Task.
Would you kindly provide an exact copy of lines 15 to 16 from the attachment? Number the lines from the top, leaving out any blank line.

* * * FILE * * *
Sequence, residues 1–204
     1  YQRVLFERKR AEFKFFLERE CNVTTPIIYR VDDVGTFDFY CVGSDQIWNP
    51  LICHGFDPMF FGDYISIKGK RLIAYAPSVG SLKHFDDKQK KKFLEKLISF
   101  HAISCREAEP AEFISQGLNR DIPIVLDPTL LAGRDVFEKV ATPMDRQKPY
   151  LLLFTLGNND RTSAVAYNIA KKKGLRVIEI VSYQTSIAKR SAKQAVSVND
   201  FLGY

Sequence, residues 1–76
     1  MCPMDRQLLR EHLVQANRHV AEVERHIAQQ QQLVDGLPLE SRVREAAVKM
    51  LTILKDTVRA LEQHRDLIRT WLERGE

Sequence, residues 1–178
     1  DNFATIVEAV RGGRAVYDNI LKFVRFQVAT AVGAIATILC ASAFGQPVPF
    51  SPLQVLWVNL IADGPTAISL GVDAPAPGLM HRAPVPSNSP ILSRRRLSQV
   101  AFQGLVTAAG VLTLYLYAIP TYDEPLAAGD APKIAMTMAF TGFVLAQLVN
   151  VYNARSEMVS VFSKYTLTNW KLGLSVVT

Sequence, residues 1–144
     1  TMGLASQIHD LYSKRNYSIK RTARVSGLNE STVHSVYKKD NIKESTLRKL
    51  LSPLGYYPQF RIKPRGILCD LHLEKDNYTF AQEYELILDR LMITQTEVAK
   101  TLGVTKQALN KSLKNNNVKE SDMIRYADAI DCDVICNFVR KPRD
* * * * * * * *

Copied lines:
Sequence, residues 1–144
     1  TMGLASQIHD LYSKRNYSIK RTARVSGLNE STVHSVYKKD NIKESTLRKL